In this reference we are concerned with only one question, it being whether there was a valid gift by the assessee of Rs. 1,00,000 to Om Nath on 22-12-1953 or not. We are not concerned with the question whether a valid gift came into existence later, i.e. after 22-12-1953 or even after 31-12-1953. What happened on 5-7-1954 is irrelevant for considering whether in the previous year ending on 31-12-1953 there was a valid gift or not. The amount of Rs. 150 was credited as interest because of the gift; so the gift must have been in existence before the interest was credited. It is not the case of the assessee that something happened after the transfer entries made by her in her personal accounts and before 31-12-1953 on account of which a valid gift came into existence in this period; her case solely is that a valid gift came into existence by the very fact of the transfer entries made by her in her personal accounts on 22-12-1953. So if there was no valid gift on 22-12-1953 it is not her own case that a valid gift came into existence later. In order to answer the question, therefore, we have to consider only what happened on 22-12-1953.

It has to be remembered that the subject-matter of the gift is Rs. 1,00,000/-, i. e. movable property and not the assessee's interest in any assets in the firm or in the capital invested by her in the firm or money due to her from the firm. In answering the question we have absolutely nothing to do with the firm or the assessee's interest in the capital or assets of the firm or any money lying at her credit in the accounts of the firm. Under Section 123 of the Transfer of Property Act a gift of movable property may be effected either by a registered instrument signed by or on behalf of the donor or by delivery which may be made in the same way as goods sold may be delivered. Under Section 33 of the Sale of Goods Act delivery of goods sold may be made by doing anything which the parties agree shall be treated as delivery or which has the effect of putting the goods in the possession of the buyer (or of any person authorised to hold them on his behalf). In the instant case there was no agreement between the assessee and Om Nath as to the manner of delivery; the memorandum recited the fact of delivery and did not contain any agreement as to the method of delivery. Consequently there was gift only if it could be said that the assessee had done something having the effect of putting the money in the possession of Om Nath. The only acts that she had actually done are executing the memorandum and making transfer entries in her own accounts. After hearing arguments of Sri Jagdish Swarup and Sri Gulati I am left in no doubt that these two acts did not have the effect of putting the money in the possession of Om Nath or of any person authorised by him to hold them. No money changed hands; whatever money the assessed had either in cash or in the form of assets or bank balance remained where it was. She was not authorised by Om Nath to receive the money on his behalf; consequently by her detaining possession of the money even if she had in her possession Rs. 1,00,000/- it could not be said that the money was put in possession of her as authorised to hold it on Om Nath's behalf.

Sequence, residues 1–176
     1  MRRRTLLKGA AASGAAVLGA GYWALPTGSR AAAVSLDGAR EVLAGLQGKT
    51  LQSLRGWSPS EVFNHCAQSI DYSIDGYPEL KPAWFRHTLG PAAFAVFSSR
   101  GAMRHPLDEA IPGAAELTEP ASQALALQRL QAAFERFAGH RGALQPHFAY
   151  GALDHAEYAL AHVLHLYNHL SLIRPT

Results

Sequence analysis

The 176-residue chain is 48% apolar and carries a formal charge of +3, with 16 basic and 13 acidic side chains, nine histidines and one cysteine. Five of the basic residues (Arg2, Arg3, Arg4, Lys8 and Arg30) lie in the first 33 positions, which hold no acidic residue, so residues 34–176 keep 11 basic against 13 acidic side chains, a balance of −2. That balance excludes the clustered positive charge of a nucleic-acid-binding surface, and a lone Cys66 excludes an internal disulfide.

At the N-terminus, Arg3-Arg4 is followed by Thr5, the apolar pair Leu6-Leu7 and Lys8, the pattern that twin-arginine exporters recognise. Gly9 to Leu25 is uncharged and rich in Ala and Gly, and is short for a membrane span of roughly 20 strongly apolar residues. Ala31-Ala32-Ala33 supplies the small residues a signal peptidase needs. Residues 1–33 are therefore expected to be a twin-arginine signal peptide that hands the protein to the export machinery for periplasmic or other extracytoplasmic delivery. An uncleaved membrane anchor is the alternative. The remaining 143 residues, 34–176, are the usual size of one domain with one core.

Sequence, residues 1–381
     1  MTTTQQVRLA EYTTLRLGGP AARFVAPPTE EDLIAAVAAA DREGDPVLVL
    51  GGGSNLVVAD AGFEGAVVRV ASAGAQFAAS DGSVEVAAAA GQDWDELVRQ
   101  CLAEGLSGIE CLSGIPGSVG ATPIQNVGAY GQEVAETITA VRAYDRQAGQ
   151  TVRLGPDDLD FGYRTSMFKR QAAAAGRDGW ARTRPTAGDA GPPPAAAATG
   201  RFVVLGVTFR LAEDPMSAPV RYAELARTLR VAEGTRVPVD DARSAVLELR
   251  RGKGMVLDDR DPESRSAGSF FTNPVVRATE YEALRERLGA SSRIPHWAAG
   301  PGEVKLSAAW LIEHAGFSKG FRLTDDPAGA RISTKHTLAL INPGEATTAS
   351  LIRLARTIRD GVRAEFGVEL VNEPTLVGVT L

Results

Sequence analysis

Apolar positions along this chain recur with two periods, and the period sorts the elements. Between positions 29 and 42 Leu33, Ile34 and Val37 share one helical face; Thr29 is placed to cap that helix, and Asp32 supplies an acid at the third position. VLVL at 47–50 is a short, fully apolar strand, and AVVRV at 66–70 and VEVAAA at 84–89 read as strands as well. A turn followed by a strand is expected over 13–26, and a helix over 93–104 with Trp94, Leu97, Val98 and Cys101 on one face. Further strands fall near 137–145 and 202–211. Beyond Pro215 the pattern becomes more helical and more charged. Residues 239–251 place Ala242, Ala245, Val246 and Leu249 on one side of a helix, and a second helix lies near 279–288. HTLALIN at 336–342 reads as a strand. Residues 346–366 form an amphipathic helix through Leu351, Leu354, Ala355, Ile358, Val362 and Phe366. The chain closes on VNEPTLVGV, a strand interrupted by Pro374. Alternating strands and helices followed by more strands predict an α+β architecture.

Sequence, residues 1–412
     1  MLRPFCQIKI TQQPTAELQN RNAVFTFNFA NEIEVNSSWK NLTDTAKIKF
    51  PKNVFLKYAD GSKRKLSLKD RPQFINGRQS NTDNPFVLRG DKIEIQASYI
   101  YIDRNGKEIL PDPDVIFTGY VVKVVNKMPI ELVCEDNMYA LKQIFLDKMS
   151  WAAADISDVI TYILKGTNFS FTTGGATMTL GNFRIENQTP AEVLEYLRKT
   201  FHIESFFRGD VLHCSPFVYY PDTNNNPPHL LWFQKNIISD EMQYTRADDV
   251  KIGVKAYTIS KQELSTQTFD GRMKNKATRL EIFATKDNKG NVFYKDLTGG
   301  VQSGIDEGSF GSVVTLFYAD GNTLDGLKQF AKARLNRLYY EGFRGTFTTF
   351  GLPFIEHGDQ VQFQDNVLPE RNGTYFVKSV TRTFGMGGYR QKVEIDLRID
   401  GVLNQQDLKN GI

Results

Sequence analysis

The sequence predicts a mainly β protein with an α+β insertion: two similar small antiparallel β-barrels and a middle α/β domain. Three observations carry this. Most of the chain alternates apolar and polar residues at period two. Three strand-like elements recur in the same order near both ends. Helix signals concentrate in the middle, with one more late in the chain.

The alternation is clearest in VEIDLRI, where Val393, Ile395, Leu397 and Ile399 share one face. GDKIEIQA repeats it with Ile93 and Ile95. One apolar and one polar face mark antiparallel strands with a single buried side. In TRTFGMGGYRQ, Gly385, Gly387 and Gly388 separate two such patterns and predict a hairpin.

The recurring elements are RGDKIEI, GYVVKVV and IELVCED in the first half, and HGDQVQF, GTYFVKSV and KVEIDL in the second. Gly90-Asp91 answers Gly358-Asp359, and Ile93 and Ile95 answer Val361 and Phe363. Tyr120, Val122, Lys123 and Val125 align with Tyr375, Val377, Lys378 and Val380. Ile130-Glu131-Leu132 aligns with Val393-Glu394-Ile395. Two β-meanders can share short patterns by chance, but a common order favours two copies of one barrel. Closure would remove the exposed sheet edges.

(3.)SECTION 123 of the Transfer of Property Act lays down the law governing all gifts made for whatever purpose and it is to be applied whenever the question arises whether there was a gift or not. Regardless of whether the question arises in a suit by a donee to recover possession or in a suit to define his title or in an income-tax assessment proceeding it has to be answered with reference to the provisions of SECTION 123 T. P. Act. There is no warrant for saying that the law contained in SECTION 123 T. P. Act does not apply when an income-tax authority has to decide whether there was a gift or not. Consequently there has to be a delivery, if a gift is not made by a registered document. A question may arise whether a certain act done by the alleged donor amounts to delivery of property to the alleged donee but it cannot be said that delivery is not required at all. With great respect I am unable to agree with the following statements of Chagla C. J. in the case of Chimabhai Lalbhai, 1958-34 ITR 259 (Bom.) (supra).
"Let us forget these technicalities and look at this matter simply as an ordinary transaction which would take place in the city of Bombay between a constituent and his banker .......